To prevent such a situation, the apparatus observes both the amount of data accumulated in the first buffer and the amount of data accumulated in the second buffer, and then recognizes the difference between these two amounts, and then sends significant data from the program stream to the transport stream when the amount of data accumulated in the second buffer is not sufficiently greater than that in the first buffer.

Accordingly, the state that the amount of data accumulated in the second buffer is sufficiently greater than that in the first buffer is maintained. Therefore, it is prevented that lack of data occurs in the second buffer. Thus, the program stream can be converted into the transport stream without occurrence of lack of data in the second buffer. Therefore, it can be prevented that the converting operation is suspended due to occurrence of lack of data in the second buffer.

Further, when the amount of data accumulated in the second buffer is sufficiently greater than that in the first buffer, the information packet is placed into the transport stream. Therefore, the program stream can be converted into the transport stream without rearranging the data stream or changing the contents of the significant data. If time management information such as PTS, DTS or the like is included in the significant data, it is not necessary to rewrite this. Accordingly, the conversion of data stream can be achieved without complicated processes.

In this apparatus, the first determining device may include: an extraction device for extracting one of the plurality of SCRs from the program stream supplied from the first buffer; a time measuring device for measuring an elapsed time from a point of time at which the extraction device extracts the SCR; and an amount calculation device for calculating the first amount by using the extracted SCR and the measured elapsed time. Therefore, the first amount can be effectively determined.

Further, the second determining device may include a storing device for storing a value representing the amount of the second data stream that is supplied to the second buffer. Therefore, the second amount can be effectively determined by using the value stored in the storing device.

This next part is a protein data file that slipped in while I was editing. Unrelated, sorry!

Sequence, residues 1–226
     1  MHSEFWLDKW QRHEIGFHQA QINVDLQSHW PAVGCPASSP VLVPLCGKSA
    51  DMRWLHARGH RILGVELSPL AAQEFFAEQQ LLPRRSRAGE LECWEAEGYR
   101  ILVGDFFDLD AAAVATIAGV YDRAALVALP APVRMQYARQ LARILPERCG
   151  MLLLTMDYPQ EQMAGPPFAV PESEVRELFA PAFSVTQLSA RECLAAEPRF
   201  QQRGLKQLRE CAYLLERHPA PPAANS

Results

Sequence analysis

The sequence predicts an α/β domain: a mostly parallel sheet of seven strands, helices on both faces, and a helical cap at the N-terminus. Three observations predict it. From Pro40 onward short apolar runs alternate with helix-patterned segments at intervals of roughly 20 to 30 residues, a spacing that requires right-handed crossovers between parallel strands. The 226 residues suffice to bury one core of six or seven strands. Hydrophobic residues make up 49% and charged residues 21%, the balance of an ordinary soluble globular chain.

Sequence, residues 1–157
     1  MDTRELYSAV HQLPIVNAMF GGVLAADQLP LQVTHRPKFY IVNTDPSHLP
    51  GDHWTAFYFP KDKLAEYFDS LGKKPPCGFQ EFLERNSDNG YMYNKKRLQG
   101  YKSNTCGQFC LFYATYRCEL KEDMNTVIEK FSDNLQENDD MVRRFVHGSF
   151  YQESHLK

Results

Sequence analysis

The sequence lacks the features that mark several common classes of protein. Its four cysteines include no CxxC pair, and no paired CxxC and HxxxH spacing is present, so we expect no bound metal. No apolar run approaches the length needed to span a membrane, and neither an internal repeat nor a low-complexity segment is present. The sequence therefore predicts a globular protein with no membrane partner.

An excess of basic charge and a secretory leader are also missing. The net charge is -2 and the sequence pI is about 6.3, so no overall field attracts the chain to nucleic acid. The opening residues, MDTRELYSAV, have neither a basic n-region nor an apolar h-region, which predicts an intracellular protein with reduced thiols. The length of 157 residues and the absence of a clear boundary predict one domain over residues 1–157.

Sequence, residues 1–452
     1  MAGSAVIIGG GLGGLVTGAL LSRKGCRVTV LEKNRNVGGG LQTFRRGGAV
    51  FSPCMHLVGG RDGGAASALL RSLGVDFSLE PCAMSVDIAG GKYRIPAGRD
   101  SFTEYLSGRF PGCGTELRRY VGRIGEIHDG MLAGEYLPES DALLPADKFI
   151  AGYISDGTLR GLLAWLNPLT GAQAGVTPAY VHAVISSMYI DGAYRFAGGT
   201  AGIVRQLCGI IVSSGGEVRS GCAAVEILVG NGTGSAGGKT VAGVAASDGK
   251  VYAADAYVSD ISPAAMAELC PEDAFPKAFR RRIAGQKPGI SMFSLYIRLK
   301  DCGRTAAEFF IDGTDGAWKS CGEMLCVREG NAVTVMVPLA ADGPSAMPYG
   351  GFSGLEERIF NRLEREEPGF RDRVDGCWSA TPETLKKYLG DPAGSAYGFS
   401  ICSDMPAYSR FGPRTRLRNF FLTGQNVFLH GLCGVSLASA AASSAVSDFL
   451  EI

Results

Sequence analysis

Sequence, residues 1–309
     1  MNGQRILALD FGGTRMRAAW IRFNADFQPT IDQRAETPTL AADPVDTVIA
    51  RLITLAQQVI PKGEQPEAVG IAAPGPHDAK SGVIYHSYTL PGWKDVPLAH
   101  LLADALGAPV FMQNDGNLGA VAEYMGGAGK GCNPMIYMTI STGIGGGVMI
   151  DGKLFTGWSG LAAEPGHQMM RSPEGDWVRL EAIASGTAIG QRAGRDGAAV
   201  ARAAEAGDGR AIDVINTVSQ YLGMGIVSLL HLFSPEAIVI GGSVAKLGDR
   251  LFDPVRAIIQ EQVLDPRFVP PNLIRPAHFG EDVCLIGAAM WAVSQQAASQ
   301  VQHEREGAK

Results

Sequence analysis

In the second apparatus, the predetermined value Bx may be within a range of:

(Rps/Rts)·(Sp·N)≦Bx≦C,

where the Rps denotes a transfer rate of the program stream, the Rts denotes a transfer rate of the transport stream, the Sp denotes a size of the second packet, the N denotes a predetermined number, and the C denotes a capacity of the second buffer.

The lower limit of the difference Bx is given as:

(Rps/Rts)·(Sp·N).

If the amount of data accumulated in the second buffer is greater than that in the first buffer, and if the difference between the amount of data accumulated in the first buffer and that in the second buffer is greater than this lower limit, the possibility that lack of data occurs in the second buffer is extremely low.

The high limit of the difference Bx is “C”. If the difference between the amount of data accumulated in the first buffer and that in the second buffer is equal to or smaller than this upper limit, the possibility that excess of data occurs in the second buffer is extremely low.

Accordingly, it can be prevented that both lack of data and excess of data occur in the second buffer. Therefore, the program stream can be converted into the transport steam without lack of data or excess of data in the second buffer.

In the second apparatus, any one of the plurality of information packets may include a PAT (Program Association Table). Furthermore, any one of the plurality of information packets may include a PMT (Program Map Tables). The packet including PAT or PMT can be added to the transport stream without rearranging the data stream or changing the contents of the significant data.

Moreover, any one of the plurality of information packets may include insignificant data. Therefore, the program stream can be converted into the transport stream without rearranging the data stream or changing the contents of the significant data.